Review: CAPERNAUM Is An Important, Touching Film

capernaum pots
Left to right: Zain Al Rafeea as Zain, Boluwatife Treasure Bankole as Yonas. Photo by Christopher Aoun, Courtesy of Sony Pictures Classics.

Capernaum is a new Lebanese film directed by and co-starring Nadine Labaki. The story is about a twelve-year-old boy who sues his parents for being born while serving a prison sentence for a violent crime. It is nominated for the Academy Award for Best Foreign Language Film.

A big part of what makes this movie so impactful is its brilliant character development. The protagonist, Zain, is extremely sympathetic. Films about people in poverty are frequently among the most touching and impactful, but that effect is compounded by the fact that Zain is so young. It is very sad to think about the fact that children like him have to suffer like this in real life.

The movie goes even further than this basic sympathy, though, making Zain into one of the most likable protagonists of any film from 2018. Over the course of the movie, you will feel like you are becoming closer and closer to him. He is written in a way that is rounded and feels very real. The character’s dialogue and action give him the playful and childlike qualities you would expect but without the innocence.

capernaum close-up
Left to right: Zain Al Rafeea as Zain. Photo by Christopher Aoun, Courtesy of Sony Pictures Classics.

The story’s concept also makes it stand out and feel more compelling. The idea of a child suing his parents because he was born into poverty is an intriguing (and thoroughly heartbreaking) thought. However, it does a great job of expressing the message at the film’s core. The filmmakers intend to show that this is a legitimate issue in the world, and it is unlikely that anyone will see the movie and think otherwise.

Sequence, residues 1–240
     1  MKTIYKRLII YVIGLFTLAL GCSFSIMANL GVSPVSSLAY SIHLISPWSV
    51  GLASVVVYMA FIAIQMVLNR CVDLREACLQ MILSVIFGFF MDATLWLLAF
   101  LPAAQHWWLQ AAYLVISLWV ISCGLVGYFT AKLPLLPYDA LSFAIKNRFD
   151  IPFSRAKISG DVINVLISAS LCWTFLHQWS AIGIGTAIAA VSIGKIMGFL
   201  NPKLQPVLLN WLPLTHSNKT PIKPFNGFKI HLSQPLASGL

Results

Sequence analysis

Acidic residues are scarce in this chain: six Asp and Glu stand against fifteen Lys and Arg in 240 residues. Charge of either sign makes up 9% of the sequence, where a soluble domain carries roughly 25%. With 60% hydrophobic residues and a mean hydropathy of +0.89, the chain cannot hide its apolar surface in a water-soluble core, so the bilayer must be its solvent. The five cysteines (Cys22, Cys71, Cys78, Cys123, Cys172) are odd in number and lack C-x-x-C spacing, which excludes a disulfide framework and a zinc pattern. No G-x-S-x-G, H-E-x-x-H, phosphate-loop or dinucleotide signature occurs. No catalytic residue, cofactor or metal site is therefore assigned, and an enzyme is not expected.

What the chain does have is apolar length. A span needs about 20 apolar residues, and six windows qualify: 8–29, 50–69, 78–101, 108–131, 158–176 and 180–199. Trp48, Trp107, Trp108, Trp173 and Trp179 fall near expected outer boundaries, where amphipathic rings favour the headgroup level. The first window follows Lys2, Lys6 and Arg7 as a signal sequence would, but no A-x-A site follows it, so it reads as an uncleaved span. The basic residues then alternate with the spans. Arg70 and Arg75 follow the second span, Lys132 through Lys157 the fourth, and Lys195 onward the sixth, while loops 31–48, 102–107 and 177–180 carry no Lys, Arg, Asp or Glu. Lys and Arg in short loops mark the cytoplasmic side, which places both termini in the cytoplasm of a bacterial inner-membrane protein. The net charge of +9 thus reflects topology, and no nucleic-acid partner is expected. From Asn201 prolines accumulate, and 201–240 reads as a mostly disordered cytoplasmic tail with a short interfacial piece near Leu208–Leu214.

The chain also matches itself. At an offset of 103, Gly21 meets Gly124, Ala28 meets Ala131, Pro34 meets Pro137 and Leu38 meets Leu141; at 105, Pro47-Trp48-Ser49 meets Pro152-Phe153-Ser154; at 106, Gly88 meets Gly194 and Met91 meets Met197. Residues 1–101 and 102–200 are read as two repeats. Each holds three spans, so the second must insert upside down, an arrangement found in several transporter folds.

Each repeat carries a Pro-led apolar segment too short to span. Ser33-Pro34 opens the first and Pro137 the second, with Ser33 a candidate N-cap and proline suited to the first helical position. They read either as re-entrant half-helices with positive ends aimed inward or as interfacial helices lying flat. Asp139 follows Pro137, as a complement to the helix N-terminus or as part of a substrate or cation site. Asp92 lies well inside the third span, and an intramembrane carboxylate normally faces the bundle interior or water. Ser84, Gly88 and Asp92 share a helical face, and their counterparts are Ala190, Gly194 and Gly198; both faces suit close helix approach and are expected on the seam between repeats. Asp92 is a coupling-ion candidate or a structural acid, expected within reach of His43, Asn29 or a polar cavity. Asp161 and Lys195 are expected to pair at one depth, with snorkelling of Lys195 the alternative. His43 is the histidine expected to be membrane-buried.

Some of the images in the film help reinforce the messages proposed by the story. There are some moments that are hard to watch, not because of actual brutality, but because of how brutally honest they are. It’s sad to see two kids eating nothing more than ice cubes with sugar on them or one kid pulling another in a pot on top of a skateboard. These harrowing moments, no matter how difficult, are important to see.

capernaum zain
Left to right: Zain Al Rafeea as Zain. Photo by Christopher Aoun, Courtesy of Sony Pictures Classics.

The movie has a purposefully rough style, used to mirror the rough and gritty subject matter, and it is extremely effective. The cinematography is very personal, with a lot of close-ups that are used to capture the emotion of the scenes. Even though it may not be complex in technical terms, the simplistic style of filmmaking is intricate in the way it is used to affect the audience.

The actors all do a great job in their roles too. First-time child actor Zain Al Rafeea is excellent as the protagonist. He brings a lot of emotion to the role, and his lack of experience helps to make the character feel more naturalistic. He is complemented by a strong supporting cast, out of which the biggest standout was likely Fadi Yousef, who plays the protagonist’s father.

Overall, Capernaum is one of the most emotional films of the year. It has a unique and touching story with great characters and performances. This is one you won’t want to miss.

Capernaum is now playing in select theaters and expands to more markets on February 8.

By Sean Boelman

Sean is a film student, aspiring filmmaker, and life-long cinephile. For as long as he can remember, he has always loved film, but he credits the film Pan's Labyrinth as having started his love of film as art. Sean enjoys watching many types of films, although some personal favorite genres include dramatic comedies, romantic comedies, heist films, and art horror.

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